By Denise Schiavone
When Dhanuj Gandikota demonstrated Pavlov’s law with home aquarium fish for his third-grade science project, he knew he had a passion for the natural world. What he didn’t know? That he’d someday marry that with an interest in artificial intelligence—to help battle climate change. But that’s exactly what he’s doing at MITRE.
“I’ve always enjoyed researching and mapping complex systems to understand what makes them thrive,” he says. “That's where ecology and data science come together, like modeling large populations into dynamics and patterns.
“For me, AI offers a perfect tool for many climate change solutions.”
Gandikota, who leads environmental AI/machine learning for our climate office, has several irons in the fire in the climate AI space. One literally: collaborating with personnel from Angeles National Forest on using AI for wildfire mitigation.
The initiative evolved out of his proposal under MITRE’S Early Career Research Program and then through our independent R&D program. The effort provided him the chance to spend time with the wildfire professionals and decision-makers on the ground—and hear firsthand of their frustrations and challenges.
The problem is one of many related to climate change that MITRE is driving a whole-of-nation approach to solve. Given that wildfires burned over 7.5 million acres of U.S. land in 2022, the issue couldn’t be more critical. And it’s one Gandikota cares deeply about.
Growing up in Ann Arbor, Mich., he spent abundant time in natural environments. Matthaei Botanical Gardens bordered his backyard, and the nearby Sleeping Bear Dunes National Lakeshore and Tahquamenon Falls State Park offered myriad learning opportunities. He eventually explored landscapes across the state’s Lower and Upper Peninsulas, as well as all five Great Lakes.
By the time college rolled around, he discovered another interest: statistics and machine learning. That inspired him to choose data science as a major, with a focus in AI. But his early love of nature kept coming back. Eventually he added a second major in ecology evolutionary biology—and then a third in computer science.
At the end of each day, I leave feeling fulfilled. Every minute of my time goes toward addressing the devastating effects of climate change.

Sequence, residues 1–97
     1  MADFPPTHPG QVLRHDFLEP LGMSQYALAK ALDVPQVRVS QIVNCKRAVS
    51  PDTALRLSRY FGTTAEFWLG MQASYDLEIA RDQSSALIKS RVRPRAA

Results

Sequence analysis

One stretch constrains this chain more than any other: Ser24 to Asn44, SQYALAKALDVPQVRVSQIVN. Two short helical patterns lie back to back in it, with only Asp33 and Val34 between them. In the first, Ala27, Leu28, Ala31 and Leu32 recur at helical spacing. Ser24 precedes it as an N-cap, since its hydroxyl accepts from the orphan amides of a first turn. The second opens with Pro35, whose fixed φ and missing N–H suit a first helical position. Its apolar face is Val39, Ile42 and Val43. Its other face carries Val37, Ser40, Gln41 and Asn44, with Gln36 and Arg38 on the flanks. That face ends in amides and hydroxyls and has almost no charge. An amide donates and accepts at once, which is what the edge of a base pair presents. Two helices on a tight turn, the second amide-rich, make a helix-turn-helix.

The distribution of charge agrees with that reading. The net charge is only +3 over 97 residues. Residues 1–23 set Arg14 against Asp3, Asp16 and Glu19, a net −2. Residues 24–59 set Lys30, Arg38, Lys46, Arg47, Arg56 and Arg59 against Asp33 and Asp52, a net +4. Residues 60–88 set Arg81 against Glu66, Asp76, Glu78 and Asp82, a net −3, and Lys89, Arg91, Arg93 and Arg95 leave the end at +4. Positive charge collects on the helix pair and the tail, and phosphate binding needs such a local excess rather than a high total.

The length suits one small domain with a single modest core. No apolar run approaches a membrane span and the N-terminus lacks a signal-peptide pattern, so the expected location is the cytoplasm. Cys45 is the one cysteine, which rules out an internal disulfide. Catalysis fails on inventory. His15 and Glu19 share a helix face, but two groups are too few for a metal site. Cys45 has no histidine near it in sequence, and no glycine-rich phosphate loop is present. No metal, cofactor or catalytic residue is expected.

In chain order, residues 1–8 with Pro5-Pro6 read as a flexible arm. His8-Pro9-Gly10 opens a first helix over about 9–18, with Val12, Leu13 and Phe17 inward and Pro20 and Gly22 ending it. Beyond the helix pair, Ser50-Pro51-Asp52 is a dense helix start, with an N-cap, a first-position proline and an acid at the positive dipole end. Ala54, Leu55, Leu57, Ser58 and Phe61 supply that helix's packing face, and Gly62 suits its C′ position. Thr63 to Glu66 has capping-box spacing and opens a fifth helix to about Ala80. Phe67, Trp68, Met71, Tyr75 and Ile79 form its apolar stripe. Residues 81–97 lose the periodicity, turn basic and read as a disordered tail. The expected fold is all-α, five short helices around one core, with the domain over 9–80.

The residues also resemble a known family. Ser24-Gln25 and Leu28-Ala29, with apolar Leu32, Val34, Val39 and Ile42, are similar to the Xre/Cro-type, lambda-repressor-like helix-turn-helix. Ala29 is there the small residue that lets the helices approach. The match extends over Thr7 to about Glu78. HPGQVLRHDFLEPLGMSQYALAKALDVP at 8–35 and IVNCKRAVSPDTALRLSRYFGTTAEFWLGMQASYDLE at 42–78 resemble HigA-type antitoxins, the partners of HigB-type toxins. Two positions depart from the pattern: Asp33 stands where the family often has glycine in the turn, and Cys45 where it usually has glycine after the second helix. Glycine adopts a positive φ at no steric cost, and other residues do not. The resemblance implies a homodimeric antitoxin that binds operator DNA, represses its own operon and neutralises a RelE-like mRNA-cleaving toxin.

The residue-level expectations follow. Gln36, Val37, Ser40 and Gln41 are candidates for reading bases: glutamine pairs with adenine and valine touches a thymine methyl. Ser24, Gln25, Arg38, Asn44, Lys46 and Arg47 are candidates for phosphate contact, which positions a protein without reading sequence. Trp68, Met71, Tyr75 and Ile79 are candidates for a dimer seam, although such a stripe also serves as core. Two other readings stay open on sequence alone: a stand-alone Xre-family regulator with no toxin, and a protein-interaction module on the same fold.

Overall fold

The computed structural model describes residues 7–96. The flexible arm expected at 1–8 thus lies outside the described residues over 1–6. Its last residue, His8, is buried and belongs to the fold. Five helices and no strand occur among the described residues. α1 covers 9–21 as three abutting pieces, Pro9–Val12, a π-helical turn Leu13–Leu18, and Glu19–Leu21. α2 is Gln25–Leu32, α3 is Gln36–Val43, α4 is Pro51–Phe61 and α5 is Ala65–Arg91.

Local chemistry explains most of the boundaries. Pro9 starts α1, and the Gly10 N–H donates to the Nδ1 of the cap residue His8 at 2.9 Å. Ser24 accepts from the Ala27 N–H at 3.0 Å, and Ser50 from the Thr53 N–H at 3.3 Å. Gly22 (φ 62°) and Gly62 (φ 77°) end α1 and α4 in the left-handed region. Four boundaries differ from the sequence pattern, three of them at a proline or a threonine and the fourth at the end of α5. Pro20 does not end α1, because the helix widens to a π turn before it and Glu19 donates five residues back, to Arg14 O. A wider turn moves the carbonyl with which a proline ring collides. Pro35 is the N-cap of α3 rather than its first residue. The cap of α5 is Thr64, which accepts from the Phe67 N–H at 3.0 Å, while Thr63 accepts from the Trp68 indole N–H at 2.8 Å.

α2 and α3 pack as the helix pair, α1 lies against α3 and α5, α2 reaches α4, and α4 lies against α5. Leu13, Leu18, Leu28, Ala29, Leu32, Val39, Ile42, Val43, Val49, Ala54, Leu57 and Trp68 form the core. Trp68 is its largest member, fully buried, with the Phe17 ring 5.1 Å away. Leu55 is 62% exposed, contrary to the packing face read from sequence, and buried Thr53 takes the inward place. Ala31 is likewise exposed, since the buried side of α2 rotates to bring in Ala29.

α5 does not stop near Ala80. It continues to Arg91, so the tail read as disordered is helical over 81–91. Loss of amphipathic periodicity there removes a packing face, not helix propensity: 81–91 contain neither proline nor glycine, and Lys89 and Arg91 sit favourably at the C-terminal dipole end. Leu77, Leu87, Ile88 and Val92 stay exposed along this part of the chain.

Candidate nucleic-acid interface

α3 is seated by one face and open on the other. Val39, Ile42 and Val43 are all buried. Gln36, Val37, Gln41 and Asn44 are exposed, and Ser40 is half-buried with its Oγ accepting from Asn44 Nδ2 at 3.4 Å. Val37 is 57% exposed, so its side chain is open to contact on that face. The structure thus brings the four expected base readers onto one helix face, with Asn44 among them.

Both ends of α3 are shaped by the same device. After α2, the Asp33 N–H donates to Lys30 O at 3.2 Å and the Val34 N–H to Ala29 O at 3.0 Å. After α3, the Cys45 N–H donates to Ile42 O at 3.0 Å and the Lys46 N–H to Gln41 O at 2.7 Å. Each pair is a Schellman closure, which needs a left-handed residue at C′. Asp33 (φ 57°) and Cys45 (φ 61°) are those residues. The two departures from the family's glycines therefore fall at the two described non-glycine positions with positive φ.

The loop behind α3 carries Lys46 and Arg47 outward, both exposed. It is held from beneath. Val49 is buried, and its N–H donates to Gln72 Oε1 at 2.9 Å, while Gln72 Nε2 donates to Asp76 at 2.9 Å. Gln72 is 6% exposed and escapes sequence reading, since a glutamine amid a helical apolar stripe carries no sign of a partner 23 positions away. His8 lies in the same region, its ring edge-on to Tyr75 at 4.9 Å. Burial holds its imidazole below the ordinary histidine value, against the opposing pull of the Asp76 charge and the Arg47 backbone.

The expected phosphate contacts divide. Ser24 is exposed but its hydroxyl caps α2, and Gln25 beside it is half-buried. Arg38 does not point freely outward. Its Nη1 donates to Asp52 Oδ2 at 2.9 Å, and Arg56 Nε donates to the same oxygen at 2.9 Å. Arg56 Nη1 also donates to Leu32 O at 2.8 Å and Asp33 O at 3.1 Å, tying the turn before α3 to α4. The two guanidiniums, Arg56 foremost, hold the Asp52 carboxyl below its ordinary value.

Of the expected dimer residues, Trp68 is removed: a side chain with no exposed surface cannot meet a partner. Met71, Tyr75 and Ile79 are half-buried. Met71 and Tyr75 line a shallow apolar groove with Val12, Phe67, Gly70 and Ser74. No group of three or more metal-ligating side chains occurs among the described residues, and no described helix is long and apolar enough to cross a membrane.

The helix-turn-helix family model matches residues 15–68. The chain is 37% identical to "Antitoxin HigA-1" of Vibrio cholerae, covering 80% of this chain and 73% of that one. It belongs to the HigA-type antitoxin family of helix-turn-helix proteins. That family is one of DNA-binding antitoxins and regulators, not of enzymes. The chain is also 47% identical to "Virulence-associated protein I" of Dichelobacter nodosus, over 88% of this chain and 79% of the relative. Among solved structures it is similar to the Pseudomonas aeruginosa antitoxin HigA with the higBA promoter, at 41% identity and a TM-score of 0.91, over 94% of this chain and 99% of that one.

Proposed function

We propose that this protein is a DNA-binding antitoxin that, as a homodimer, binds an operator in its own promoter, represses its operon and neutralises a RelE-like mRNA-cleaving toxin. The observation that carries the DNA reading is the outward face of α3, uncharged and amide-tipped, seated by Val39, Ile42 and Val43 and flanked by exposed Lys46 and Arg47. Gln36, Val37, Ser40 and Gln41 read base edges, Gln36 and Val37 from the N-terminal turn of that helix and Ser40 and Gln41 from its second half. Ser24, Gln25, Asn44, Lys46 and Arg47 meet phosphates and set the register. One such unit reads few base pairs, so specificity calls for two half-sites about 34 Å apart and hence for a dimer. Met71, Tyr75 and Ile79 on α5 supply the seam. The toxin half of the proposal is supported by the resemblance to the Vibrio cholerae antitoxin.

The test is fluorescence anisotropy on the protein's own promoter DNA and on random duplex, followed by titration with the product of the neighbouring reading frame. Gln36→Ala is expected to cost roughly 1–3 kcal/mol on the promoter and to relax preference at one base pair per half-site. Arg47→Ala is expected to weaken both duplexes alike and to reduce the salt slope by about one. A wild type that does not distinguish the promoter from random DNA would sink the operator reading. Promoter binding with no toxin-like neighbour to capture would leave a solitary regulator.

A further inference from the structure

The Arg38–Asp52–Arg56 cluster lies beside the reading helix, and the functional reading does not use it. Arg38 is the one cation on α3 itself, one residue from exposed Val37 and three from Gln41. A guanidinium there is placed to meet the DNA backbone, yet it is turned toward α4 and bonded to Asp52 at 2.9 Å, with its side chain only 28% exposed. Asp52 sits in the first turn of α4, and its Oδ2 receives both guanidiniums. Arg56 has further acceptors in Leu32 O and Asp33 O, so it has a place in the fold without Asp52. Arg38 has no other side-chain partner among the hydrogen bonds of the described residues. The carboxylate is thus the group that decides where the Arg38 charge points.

While at the University of Michigan, he founded and led the Michigan EcoData organization to unify student projects in AI and the environment, an initiative that thrives to this day. His studies helped him appreciate the strong interplay between AI and climate sciences. So he geared his post-graduation job search toward combining the two fields.
“Most opportunities I encountered would’ve put me exclusively in AI, with a possibility to maybe someday work in climate. But MITRE offered a chance to do both,” he says.
“Here, I’m able to propose and work on interesting projects, backed by our role as a trusted adviser, our mission for the public good, and our commitment to help shape the climate innovation space. That’s a winning combination.”
Gandikota prepares for drone data collection at test site in Angeles National Forest.
Gandikota and a MITRE research team are developing a solution to integrate deep learning and generative AI with forestry remote sensing. The goal? To provide a rapid, cost-effective tactical mapping solution for responsive wildfire mitigation—and close the gap between the growing need for disaster relief and personnel limitations in working the problem.
“Understanding all the data out there is far more than the human brain can process,” Gandikota explains. “But AI can take complex things like 3D climate geospatial data across huge areas and distill it down to identify key patterns. This can help climate professionals make informed decisions and create actionable and responsive change.”
Beyond wildfire mitigation, Gandikota also supports a Federal Emergency Management Agency study of climate adaptation to the effects of extreme weather events. He says such experiences provide ample professional growth opportunities—and feed a love of learning embedded since childhood.
He’s also committed to sharing that learned knowledge. He collaborates extensively with external stakeholders as well as colleagues internally, across disciplines, to explore creative ways to tackle the problem. Additionally, he and a few teammates formed a MITRE climate AI discussion group to help exchange ideas and insights.
With just under two years at the company, Gandikota finds working in a dynamic, high-risk area like climate AI highly rewarding.
“I’ve enjoyed unique opportunities even at this early point in my career—leading projects, helping shape corporate vision and strategies, and being valued as a collaborator,” he says. “At the end of each day, I always leave feeling fulfilled. I know every minute of my time goes toward the goal of addressing the devastating effects of climate change on the planet.”
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